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Moscow Nights

An urban fantasy/paranormal romance by R.W. Buxton

cover of Moscow Nights by R.W. Buxton

Erin is desperate to save Gerry from shadowy forces that would do anything to prevent him from fulfilling the prophecy. But when she arrives, he’s with another woman and the worst thing is it’s Tina, his former partner at the FBI.

Can she convince him the threat is real, and not just to him, but Mary his young daughter.

Halfway around the world ominous figures hiding in the night plan the unthinkable and Gerry is the only one that can stop them. The threat is genuine but will he believe her? Will he believe in the prophecy?

Erin must face her own past, a past she thought was over. It opens old wounds that send her careening on a path of destruction. Can she overcome them in time to save Gerry or will she lose everything because of a deep-rooted hurt that can’t be healed?

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Excerpt

“How am I a threat? I didn’t even know about any of this.” Gerry turned his palms upward in his lap.

“First, he knows of you and found you, the reason we had to flee, but he has set himself up as the one to fulfill the prophecy. It’s simple, there can’t be anyone to threaten his position.”

“So, what, we’re going to just meet with him and tell him I’m not who he thinks I am?”

“It’s more complicated than that.” Erin looked over her shoulder at Mary, already asleep despite her claim, curled up in the large tan leather seat. She looked back at Gerry. “You already have a huge base of supporters, and he can’t have that. He wants complete control.”

“But…”

“But there’s even more. He wants to bring us out of the shadows of night and enslave humanity. He’s perverted the prophecy. His idea of saving our race is to destroy humanity, which would ultimately destroy us. The true savior will save us from destruction, his destruction.”

Gerry blew through his teeth, making a small whistling noise. “So what you’re saying is we have to find this guy and destroy him before he kills me?”


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Guest Post: Any special writing rituals or locations that really help you get words down?

When it comes to writing novels, there are a few things I do routinely. The first is to make a fresh cup of coffee. Coffee is critical in the writing process. Not just as you may think, to stay awake. I find if I stop to take a sip every few paragraphs, it gives me a few seconds to reflect on what I’ve just written. It’s a natural way to slow down. Write, sip, think, that’s my mantra.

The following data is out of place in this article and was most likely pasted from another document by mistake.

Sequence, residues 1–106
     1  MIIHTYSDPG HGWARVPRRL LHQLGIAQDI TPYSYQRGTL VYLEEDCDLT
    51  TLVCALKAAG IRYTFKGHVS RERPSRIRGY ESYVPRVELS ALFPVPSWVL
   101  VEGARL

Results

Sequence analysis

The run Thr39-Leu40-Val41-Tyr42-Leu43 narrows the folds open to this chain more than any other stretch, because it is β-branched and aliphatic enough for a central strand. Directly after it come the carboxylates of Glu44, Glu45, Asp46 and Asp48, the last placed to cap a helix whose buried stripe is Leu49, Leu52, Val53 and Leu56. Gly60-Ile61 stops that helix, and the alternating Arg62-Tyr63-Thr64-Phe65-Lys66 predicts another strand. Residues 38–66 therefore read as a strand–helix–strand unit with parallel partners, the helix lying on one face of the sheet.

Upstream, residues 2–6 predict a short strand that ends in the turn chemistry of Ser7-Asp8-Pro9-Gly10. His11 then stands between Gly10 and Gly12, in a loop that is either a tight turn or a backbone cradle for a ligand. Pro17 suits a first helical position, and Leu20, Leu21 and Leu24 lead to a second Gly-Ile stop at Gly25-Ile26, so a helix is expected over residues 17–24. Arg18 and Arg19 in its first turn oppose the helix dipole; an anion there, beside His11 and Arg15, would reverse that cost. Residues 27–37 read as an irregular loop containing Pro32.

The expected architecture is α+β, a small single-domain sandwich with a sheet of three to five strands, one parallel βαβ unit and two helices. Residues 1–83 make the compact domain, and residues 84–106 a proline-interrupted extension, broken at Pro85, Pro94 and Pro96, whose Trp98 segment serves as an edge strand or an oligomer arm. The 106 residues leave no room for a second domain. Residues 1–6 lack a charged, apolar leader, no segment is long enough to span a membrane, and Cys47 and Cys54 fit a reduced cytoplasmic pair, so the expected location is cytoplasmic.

The second thing I like to do after I sit down is to read back through the last few pages. It’s a great way to get back in the groove. See what the tone was of those paragraphs and remind myself of where I’m going. I also scan the note card I’ve written for the scene to make sure I know what it’s about.

The last thing that comes under the ritual category is envisioning where I’m going to go. After I read through the last page, I close my eyes and try to connect where I was with where I want to go. The hardest part is writing the first sentence when you start after a break. It doesn’t seem to matter if the break is only ten minutes or two days, I always find it a challenge to get started.

Once I’ve written that first sentence then I’m in the write, sip, think groove.

I don’t think I’m like most authors when it comes to where I write. Maybe it’s the stereotypical images I have of authors. I’ve always loved the thought of writing in a coffee shop. But every time I’ve tried, I get very little done. People I know come by and talk, or there are loud conversations that I can’t block out. So even with a steady supply of great black coffee it just doesn’t work.

The idea of writing in a nice study with a dark wood desk also seems appealing, and while I have one of those in my home, I can’t write there. It seems contrived, to be honest, like work. Although, thanks to Covid, I couldn’t write there if I wanted. It’s now my wife’s office while she works from home.